“Human Sensor Networks for Improved Modeling of Natural and Human-Induced Disasters” describes an approach that uses data from social media, geophysical models, and satellite observations to model disasters’ effects. The authors describe how such a method could have been used for the 2010 Deepwater Horizon oil spill in the Gulf of Mexico. They gathered mentions of oil sightings from the photo-sharing social-media website Flickr, pinpointed where the sightings occurred, and then entered the data into oil-spill modeling software. The authors say this method of data collection resulted in better estimates than the more traditional techniques based on the rate of flow from the spill.

“Mapping Geo-Hazard by Satellite Radar Interferometry” discusses the application of satellite interferometric synthetic aperture radar (InSAR) to chart earthquakes and landslides in Taiwan and Vietnam, which are particularly prone to such events. InSAR can measure centimeter-scale changes in land deformation over days or years. The authors applied InSAR to analyze the effects of a magnitude 7.6 earthquake in 1999 that killed more than 2500 people in Taiwan, as well as other disasters in the region.

Two papers discuss the advantages of using polarimetric SAR (PolSAR) to observe damage. PolSAR uses the random polarization SAR returns from surfaces, such as grass or sand, over time to detect small changes invisible to optical monitoring systems. “Disaster Monitoring by Fully Polarimetric SAR DATA Acquired With ALOS-PALSAR” focuses on the use of a target-decomposition model to analyze volcanic activity, snow accumulation, landslides, and tsunamis. The author states that such events cause changes in scattering power, which is the loss experienced by an electromagnetic wave in a medium in which it is passing due to reflections and distortions by particles in the medium. He says it is easy to spot the changes in polarimetric decomposed images because of differences in color.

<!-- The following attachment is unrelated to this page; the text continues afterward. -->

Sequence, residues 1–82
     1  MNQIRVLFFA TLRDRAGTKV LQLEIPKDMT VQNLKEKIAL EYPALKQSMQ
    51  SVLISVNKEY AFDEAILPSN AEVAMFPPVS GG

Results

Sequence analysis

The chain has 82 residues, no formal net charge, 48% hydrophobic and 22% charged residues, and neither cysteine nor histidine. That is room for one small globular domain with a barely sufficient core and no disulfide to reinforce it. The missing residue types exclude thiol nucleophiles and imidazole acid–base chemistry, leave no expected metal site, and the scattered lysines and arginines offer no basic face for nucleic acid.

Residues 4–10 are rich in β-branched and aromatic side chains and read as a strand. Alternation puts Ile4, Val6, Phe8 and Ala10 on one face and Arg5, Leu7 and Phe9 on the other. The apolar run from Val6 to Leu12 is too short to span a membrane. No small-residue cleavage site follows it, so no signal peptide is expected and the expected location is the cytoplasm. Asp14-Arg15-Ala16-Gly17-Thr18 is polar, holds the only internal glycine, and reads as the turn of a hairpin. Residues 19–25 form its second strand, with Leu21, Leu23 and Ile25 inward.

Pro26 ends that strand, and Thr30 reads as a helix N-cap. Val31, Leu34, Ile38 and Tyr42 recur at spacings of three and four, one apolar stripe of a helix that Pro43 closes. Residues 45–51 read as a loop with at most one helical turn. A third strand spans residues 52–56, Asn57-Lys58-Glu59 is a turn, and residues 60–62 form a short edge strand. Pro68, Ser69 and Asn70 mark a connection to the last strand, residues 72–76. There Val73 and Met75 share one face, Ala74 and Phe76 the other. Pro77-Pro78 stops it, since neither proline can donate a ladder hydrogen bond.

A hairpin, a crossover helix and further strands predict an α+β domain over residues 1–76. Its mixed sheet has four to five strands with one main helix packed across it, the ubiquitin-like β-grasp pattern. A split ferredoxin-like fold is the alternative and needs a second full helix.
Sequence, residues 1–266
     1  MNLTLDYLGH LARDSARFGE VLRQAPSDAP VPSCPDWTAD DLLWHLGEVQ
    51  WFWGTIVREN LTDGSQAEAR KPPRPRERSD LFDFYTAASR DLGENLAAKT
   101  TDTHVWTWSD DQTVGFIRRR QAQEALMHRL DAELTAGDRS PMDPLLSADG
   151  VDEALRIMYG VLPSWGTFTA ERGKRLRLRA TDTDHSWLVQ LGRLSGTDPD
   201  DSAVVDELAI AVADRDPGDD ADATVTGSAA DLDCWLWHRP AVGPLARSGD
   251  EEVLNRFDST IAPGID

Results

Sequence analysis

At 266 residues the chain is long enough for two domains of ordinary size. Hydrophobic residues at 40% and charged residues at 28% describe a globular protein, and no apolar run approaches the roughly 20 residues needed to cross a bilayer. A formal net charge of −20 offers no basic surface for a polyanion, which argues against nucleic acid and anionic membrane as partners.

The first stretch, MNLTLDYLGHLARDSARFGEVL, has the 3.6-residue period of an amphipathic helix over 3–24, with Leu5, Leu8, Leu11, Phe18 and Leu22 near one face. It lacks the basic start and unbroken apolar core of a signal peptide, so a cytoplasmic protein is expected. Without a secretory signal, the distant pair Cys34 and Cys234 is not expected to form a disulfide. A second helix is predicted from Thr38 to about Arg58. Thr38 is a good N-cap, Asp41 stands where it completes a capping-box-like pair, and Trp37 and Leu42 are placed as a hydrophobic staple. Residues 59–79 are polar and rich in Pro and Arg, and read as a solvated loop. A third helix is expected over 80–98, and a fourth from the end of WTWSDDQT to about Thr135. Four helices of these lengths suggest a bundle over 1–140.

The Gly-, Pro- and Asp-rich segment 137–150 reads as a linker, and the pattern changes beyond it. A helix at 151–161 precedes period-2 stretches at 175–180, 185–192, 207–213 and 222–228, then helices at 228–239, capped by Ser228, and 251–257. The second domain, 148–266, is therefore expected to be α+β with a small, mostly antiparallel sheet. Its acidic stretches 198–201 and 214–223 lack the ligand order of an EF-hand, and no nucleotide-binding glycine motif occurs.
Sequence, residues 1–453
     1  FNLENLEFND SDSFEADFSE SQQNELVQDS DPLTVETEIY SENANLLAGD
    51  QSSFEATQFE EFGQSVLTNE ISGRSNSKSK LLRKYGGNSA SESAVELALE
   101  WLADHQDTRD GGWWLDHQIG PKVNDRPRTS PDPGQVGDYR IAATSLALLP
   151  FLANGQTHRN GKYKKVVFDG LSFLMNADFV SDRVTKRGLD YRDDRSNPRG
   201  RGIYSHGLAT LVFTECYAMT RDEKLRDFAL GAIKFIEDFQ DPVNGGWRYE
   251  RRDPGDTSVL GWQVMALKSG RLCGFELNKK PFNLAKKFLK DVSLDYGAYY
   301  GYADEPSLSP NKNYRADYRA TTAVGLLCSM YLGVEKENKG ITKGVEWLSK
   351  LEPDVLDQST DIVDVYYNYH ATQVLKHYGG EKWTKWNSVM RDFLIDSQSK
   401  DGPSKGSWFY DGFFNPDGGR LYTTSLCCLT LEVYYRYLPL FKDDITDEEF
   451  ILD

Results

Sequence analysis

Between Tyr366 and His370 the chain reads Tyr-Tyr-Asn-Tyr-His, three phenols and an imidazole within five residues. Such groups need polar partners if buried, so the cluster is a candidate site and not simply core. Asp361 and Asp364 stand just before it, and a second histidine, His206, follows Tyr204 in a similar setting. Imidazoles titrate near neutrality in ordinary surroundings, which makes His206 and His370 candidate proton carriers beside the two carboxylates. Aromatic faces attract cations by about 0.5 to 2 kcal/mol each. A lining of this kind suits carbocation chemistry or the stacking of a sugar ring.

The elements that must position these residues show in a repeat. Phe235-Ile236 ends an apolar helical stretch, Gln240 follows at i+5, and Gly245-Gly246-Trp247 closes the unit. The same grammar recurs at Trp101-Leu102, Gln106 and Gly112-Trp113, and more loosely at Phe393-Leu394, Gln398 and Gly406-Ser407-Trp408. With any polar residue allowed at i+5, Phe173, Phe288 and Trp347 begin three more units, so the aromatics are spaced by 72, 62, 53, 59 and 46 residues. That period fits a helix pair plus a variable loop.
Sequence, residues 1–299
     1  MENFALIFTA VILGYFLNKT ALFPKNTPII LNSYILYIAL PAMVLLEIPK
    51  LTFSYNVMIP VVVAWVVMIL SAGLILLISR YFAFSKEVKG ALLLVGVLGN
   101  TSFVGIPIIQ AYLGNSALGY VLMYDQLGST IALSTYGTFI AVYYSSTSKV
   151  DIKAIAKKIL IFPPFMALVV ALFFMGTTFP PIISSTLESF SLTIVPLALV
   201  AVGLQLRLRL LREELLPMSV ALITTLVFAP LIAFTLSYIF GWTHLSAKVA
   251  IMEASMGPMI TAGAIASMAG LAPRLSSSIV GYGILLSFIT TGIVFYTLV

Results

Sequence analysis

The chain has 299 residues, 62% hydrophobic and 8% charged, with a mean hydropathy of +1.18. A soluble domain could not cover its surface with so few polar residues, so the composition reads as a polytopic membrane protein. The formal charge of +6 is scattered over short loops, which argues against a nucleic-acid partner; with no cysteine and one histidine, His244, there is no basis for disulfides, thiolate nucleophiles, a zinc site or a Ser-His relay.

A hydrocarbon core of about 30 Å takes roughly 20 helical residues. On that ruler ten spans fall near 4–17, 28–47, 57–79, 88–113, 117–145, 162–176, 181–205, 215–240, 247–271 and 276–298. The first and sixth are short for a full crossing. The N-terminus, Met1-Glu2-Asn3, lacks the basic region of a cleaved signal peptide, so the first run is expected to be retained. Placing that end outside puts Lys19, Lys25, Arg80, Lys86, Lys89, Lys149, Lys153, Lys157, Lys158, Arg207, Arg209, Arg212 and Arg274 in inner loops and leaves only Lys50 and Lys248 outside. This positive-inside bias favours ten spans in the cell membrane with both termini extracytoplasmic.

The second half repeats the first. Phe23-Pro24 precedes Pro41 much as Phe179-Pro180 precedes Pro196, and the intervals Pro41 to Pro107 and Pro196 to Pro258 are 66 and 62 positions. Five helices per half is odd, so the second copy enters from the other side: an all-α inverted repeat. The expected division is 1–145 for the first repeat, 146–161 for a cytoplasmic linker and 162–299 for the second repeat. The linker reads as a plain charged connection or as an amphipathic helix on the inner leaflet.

The second paper, “Polarimetric SAR Analysis of Tsunami Damage Following the March 11th East Japan Earthquake,” includes detailed mapping and analysis of the 2011 event from satellite imagery. The authors studied the damage sensed by several satellite systems, including ALOS/PALSAR and Pi-SAR2. The analysis is a more efficient method of observing damage than the widely used SAR interferometry techniques, they say, because damage can be detected with a single PolSAR observation. Several different images can be constructed using PolSAR methods, thus yielding more information from a single PolSAR observation than is possible with other observational methods.

Other papers in the issue cover volcanic eruptions, oil spills, and flooding. “Remote Sensing of Volcanic Hazards and Their Precursors” explores combining interferometric SAR and spectroradiometry. Interferometric SAR is used to detect displacement of a volcano’s surface because of magma movement, and spectroradiometry senses and then monitors an eruption by detecting hot spots.

“Remote Sensing of Ocean Oil-Spill Pollution” describes methods that combine satellite monitoring, aircraft surveillance, and spaceborne SAR to check for possible oil spills. And “Information Extraction From Remote Sensing Images for Flood Monitoring and Risk Assessment” estimates potential damage.